My (budding) system for improving learning in Brazilian Jiu-Jitsu

So I’m a Brazilian Jiu-Jitsu black belt who’s recently discovered mnemonics. I’ve been thinking a fair bit about how this stuff could improve ones ability to memorize techniques. For those unfamiliar with BJJ, it’s a grappling art very similar to Judo. In BJJ there are an incredibly large number of potential techniques once you account for all the possible variations of techniques themselves and setups to techniques. Unfortunately, how to memorize movement doesn’t seem to be the most developed aspect of the art of memory (please prove me wrong if that’s the case), so I’m somewhat starting from scratch.

Now, a common complaint among beginners in BJJ is that its hard to remember all the new moves they are being exposed to. At best, they often only remember a very general motor pattern related to the technique and forget most of the crucial details to its execution - by the next day or next week. Often they can’t remember the move at all and can’t even get the technique started. More advanced students can also have trouble remembering moves. Now, for performance purposes, a general rule is that its better to be really good at a small subset of moves than to know a whole bunch of techniques. However, for instructors it may be necessary to know a larger number of techniques than is required for good personal performance because your students will have a variety of preferences/needs different than yours in terms of what techniques they want to be good at.

For starters, memory palaces don’t seem like a good place to store knowledge about the performance of a specific movement - not to me, anyway. Two methods that seem more appropriate to me are something like a linking system or a Tarot card.

Let me explain what I mean by Tarot cards first. When I see a Tarot card I imagine that there was probably meant to be esoteric knowledge stored in the artwork of the image. So, something that appeals to me is to imagine that for a technique you have one or more Tarot cards that “encode” the details of a technique in a memorable way. For example, if I want to remember the details of a hip throw, I see a Tarot card in my mind that shows two individuals in a clinch. Now lets say that a detail I want to remember is that I need to pinch my opponents arm under my armpit. I could imagine that the drawing of this scenario shows the performer having crocodile teeth under their armpit and its biting their opponents arm. Another detail is that I want to keep my head tight to my opponents chest. So, I see suction cups (like on an octopus’s tentacles) on the persons head and they are attached to the opponents chest/shoulder area. Those are just some examples for encoding the details to the starting position of the technique.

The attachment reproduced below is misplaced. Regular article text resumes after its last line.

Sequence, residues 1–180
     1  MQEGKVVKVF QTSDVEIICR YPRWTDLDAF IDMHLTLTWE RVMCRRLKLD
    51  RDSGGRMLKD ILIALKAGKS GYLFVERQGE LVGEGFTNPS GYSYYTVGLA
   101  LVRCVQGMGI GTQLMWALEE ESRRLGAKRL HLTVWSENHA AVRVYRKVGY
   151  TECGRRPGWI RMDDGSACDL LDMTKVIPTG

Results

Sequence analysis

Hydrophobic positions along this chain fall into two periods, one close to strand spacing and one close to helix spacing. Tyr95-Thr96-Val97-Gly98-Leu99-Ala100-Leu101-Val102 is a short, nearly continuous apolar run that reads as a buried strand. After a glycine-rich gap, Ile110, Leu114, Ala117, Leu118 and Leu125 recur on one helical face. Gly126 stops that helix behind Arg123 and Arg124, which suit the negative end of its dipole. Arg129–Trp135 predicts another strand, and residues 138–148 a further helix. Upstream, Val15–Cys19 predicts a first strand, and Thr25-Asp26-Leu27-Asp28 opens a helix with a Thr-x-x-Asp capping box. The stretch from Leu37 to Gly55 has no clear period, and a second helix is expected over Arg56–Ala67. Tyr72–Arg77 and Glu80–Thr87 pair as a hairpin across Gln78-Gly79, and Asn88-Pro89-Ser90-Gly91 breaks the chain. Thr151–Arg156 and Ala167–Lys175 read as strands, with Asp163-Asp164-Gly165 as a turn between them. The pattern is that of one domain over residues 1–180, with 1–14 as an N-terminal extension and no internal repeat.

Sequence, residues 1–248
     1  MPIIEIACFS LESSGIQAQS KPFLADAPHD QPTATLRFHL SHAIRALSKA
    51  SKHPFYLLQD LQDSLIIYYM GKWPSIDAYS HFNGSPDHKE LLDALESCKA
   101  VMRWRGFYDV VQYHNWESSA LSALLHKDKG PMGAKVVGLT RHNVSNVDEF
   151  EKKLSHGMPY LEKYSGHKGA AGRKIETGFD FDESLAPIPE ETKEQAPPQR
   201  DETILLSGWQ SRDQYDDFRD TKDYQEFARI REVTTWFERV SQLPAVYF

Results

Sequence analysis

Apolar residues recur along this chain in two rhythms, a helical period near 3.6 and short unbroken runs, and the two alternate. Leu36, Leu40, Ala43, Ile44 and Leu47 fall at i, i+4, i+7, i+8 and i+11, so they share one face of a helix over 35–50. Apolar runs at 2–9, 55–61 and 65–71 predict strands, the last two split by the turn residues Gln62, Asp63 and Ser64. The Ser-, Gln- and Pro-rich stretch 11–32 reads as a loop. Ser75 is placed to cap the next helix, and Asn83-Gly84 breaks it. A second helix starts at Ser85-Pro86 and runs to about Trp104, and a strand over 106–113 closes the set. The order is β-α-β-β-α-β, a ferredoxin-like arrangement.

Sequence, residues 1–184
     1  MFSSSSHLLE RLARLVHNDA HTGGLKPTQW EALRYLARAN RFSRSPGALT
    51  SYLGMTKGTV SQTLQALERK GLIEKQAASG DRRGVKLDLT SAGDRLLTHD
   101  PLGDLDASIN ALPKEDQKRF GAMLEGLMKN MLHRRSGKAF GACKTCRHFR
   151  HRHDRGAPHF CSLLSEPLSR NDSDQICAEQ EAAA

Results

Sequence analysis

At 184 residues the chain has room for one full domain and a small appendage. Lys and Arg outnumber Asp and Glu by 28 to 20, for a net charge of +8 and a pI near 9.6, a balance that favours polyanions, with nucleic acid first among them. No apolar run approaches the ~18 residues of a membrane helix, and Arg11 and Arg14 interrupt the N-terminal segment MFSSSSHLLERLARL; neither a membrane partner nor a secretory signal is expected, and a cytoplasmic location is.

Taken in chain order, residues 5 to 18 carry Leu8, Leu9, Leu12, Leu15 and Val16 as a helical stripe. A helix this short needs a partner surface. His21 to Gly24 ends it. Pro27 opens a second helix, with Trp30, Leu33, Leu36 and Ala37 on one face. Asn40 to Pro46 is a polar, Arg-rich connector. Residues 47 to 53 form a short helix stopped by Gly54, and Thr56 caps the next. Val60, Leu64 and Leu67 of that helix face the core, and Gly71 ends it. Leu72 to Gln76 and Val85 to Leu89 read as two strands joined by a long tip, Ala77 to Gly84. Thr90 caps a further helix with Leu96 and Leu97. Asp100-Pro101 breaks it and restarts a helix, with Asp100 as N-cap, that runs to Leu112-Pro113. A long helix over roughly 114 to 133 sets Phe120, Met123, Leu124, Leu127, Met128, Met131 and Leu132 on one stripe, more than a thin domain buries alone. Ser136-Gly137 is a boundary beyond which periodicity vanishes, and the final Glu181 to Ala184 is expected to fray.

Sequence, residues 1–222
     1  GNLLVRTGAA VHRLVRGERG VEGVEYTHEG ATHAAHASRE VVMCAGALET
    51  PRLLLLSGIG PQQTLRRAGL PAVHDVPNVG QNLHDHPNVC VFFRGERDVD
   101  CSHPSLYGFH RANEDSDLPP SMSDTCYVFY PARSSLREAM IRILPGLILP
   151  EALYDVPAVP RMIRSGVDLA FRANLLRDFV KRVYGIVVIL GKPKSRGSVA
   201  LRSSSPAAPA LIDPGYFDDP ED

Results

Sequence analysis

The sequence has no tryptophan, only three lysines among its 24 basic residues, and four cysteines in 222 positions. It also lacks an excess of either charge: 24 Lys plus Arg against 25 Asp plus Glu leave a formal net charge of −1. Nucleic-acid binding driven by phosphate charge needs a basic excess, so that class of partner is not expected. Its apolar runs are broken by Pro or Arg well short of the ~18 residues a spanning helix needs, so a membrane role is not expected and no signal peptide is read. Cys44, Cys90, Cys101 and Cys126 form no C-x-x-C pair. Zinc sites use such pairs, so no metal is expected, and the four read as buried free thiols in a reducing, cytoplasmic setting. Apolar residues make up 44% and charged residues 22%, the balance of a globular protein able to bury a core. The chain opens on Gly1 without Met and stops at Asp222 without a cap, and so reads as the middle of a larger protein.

The other thing you could do is use a linking kind of system and imagine exaggerated imagery like the above as you go through the motions of the technique. The person performing the technique will morph (this is the “linking”) in memorable ways dictated by the requirements of the technique.

I see this mnemonic as being helpful for the initial stages of learning. Once you have drilled the technique enough that it becomes part of your muscle memory your Tarot card (or whatever) for the technique can be discarded. Or it can be kept for longer term memory retention for techniques you might want to remember but can’t put the time in for making part of your muscle memory.

Does that make sense? Thoughts?


Hi QiJitsu,

Although I don’t do BJJ, I did do judo when I was young and I have been keenly interested in martial arts, fighting sports and self defense for almost as long as I can remember. Many times I have wondered about the idea that there could be a method for memorizing sequences of body movements.

FWIW, I believe there are systematic methods for choreographing some types of dance. My daughter used to do synchronized swimming and they had standard ways of representing their movements so that they could visualize and practice movements even out of water. Anyway, it seems possible that dancers and synchronized swimmers (and probably figure skaters and others as well) might already have developed useful methods for efficiently learning body movement sequences that might be adaptable to BJJ and martial arts. In a way, it surprises me I have never seen a book on that topic.

Anyway, this is an excellent project. I hope to hear more.



Hi Tarnation,

I’ve seen the suggestion, in dance circles, to use story visualization, i.e. linking.

For example, reach up to grab an apple, then kick a ball, then spin around to avoid a tackle and so on. But I haven’t yet seen any suggestions of making the imagery especially odd like we do in The Art of Memory.

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When you mention some of those things, it reminds me of how in tai chi they have interesting names for moves, “wave hands to part the clouds”, “stroke the horse’s mane”, “kiss the golden monkey’s butt”, and so on.

[Disclosure: I may have made one of those up. :smiley: ]